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Of course, reading the Wiki pages on the two of them (to make sure I was talking about the right fellow) I noticed with some dread that Our Ancestors is one of the best known works of the most translated contemporary Italian writer (at the time of his death) and here I am, trying to make sense of it in my own personal context. Well, I’m always going to be treading down some fool’s heels so why should I care if it’s actually most people? Indeed, Calvino mentions in his own i…

Norse Mythology by Neil Gaiman

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There, that’s out of the way.
I can’t help but equate the resurgence in popularity of the Norse mythos, Icelandic sagas, and Skaldic and Eddic poetry in all their new televisual, literal and figurative forms, to the similarly resurgent popularity of comic-book- and super-heroes. In fact, they’re two sides of the same interrogative coin: one asks, “How did we get here?” whereas the other asks, “Who can save us?” for the world needs heroes, and people to blame.
I will leave it up to you to project your own personal Them into the nice Them-shaped gap that leaves behind.
You may think it very necessary and timely to have brought out such a book. Alternatively, you may be suffering from hero-fatigue and see it as all a bit unnecessary. Or you may have been seduced by the big hammer on the cover and the lovely tactile matt-finish cover. In any case and in my own humble opinion, other than talk William Warder Norton into springing for a lov…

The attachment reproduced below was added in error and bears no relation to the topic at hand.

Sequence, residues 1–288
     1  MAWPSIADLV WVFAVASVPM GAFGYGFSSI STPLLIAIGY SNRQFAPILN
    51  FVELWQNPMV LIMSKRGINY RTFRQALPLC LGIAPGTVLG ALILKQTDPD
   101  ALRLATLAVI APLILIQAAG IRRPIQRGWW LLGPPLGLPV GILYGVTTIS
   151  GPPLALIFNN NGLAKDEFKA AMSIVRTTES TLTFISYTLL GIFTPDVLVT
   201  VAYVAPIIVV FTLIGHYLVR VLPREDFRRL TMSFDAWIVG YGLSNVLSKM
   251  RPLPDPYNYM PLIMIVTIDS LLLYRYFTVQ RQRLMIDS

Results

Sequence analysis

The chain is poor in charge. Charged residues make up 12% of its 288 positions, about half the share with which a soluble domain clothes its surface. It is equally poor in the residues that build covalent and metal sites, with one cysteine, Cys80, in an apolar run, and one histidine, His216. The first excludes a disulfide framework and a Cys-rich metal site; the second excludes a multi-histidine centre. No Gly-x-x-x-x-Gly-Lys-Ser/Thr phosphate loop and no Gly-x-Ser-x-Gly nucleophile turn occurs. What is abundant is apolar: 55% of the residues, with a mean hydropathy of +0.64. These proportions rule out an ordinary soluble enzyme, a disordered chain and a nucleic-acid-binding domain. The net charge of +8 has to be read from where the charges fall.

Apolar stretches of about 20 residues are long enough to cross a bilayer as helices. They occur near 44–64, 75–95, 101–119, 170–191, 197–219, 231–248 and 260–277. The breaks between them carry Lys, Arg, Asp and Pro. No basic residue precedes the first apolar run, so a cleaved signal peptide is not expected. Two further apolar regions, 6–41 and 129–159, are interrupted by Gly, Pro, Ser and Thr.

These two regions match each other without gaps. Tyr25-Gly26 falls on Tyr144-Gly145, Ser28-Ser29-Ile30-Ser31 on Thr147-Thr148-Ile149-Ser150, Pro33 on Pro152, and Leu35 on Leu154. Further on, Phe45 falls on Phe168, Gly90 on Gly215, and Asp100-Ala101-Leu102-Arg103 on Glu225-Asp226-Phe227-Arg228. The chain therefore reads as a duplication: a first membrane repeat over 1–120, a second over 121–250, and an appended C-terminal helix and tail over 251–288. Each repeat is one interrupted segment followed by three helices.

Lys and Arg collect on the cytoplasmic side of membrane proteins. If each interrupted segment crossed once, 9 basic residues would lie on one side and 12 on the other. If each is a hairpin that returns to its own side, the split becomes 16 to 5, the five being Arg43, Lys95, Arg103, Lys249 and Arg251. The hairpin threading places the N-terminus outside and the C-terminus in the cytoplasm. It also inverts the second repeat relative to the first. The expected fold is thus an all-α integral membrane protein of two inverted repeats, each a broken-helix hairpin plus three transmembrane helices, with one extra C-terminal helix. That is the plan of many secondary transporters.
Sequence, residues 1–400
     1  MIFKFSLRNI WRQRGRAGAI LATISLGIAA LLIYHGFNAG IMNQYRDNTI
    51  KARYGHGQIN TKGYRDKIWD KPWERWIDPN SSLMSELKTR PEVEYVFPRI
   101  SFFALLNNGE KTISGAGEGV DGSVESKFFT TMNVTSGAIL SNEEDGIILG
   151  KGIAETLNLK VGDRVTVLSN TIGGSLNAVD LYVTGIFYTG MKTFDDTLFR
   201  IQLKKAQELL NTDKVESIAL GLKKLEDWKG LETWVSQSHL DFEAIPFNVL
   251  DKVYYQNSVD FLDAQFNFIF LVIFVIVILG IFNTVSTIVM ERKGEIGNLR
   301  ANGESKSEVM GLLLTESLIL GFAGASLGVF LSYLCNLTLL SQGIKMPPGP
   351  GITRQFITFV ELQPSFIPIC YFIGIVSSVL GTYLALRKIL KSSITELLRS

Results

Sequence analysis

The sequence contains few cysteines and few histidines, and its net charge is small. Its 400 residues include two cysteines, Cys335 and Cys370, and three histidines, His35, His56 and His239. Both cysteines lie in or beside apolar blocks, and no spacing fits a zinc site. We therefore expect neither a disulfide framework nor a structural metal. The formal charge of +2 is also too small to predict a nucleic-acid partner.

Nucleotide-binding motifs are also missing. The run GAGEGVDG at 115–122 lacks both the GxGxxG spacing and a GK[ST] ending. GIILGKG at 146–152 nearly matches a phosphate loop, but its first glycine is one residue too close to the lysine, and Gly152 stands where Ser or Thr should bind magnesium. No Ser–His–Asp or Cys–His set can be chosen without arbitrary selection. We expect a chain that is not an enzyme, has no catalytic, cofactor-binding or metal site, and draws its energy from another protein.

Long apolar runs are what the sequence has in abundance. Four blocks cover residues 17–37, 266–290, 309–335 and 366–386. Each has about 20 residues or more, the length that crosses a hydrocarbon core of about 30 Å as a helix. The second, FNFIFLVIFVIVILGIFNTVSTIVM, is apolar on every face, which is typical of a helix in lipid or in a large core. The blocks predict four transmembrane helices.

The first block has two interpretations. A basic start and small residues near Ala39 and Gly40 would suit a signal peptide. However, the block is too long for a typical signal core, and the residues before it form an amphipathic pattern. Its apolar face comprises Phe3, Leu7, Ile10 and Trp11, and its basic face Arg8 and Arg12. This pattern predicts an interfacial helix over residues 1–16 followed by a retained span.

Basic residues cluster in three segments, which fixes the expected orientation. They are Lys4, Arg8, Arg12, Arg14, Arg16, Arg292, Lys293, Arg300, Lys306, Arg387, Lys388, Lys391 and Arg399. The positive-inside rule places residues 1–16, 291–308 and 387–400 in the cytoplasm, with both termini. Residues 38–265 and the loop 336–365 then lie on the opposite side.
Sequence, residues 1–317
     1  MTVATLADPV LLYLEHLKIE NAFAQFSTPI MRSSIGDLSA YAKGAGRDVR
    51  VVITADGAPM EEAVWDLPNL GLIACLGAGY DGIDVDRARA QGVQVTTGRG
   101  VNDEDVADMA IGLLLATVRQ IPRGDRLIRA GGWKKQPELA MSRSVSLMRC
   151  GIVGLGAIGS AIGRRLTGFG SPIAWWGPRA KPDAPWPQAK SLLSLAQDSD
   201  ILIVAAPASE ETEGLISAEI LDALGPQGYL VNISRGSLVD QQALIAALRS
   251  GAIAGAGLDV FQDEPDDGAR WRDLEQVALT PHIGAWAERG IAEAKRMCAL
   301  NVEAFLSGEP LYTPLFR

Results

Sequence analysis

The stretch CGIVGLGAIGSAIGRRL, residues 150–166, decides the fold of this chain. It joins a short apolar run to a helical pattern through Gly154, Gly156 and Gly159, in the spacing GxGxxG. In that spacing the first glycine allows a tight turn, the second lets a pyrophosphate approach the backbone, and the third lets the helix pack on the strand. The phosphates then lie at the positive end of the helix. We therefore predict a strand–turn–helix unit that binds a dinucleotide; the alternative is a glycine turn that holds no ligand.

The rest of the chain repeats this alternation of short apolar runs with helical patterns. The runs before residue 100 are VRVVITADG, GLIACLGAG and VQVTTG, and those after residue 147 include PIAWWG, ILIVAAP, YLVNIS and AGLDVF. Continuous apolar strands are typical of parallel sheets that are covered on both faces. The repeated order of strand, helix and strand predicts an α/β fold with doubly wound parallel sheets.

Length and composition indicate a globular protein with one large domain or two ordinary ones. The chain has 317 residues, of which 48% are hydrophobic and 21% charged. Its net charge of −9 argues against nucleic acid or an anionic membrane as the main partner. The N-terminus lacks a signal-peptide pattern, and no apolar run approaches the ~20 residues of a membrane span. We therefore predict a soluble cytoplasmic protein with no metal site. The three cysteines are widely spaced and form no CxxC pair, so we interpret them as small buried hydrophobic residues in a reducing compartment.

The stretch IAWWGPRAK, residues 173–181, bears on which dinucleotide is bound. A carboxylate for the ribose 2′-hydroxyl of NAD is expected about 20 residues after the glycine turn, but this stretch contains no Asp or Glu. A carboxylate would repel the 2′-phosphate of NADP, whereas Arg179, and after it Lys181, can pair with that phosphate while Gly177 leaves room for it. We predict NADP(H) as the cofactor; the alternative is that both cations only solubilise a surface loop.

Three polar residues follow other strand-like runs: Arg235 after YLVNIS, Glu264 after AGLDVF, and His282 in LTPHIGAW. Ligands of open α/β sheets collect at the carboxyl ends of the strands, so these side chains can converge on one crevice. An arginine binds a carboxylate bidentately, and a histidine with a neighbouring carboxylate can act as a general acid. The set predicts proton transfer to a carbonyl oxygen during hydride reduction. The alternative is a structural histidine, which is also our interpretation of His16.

Hannah Green And Her Unfeasibly Mundane Existence by Michael Marshall Smith

I was sold this book by Simon at the Big Green Bookshop in return for the money it cost plus a small donation towards operating costs and postage. 

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However, had I not the history and warm, cosy feelings safely tucked up in the nostalgia bank, I would probably not have picked this up, going solely on the cover. There's a clock, the silhouette of a small girl, and leaves, along with a colour contrast and meandering font which brought to mind something cringe-worthily reminiscent of Alexander McCall-Smith*, or the covers of Sc…

The Ocean At The End Of The Lane by Neil Gaiman

Before you start, read this disclaimer:
Fans of Neil Gaiman beware – I don’t tolerate you very well, despite counting myself amongst you. It’s nothing personal (about you – it’s very personal to me), and I believe it’s Neil’s own fault for being such a very good writer. Please read on through the fan-bashing to the bit about the book. Thank you.

Neil Gaiman is an annoyance to me. I really (REALLY) liked American Gods but found that as soon as I mentioned this fact to anyone, I got one of two responses: nose-turned-up snobbery of the most scornful sort, or sickeningly gushing über-fanaticism, if that isn’t tautological. I don’t know which is worse. The snobs I can dismiss as most will be operating within the conceit that Gaiman is fantasy and therefore unworthy of further study or consideration – they are very unlikely to have ready anything by the author. The fans, though, start dribbling on and on about the time they met him in Bath Waterstone’s or how much better he is than the Latin …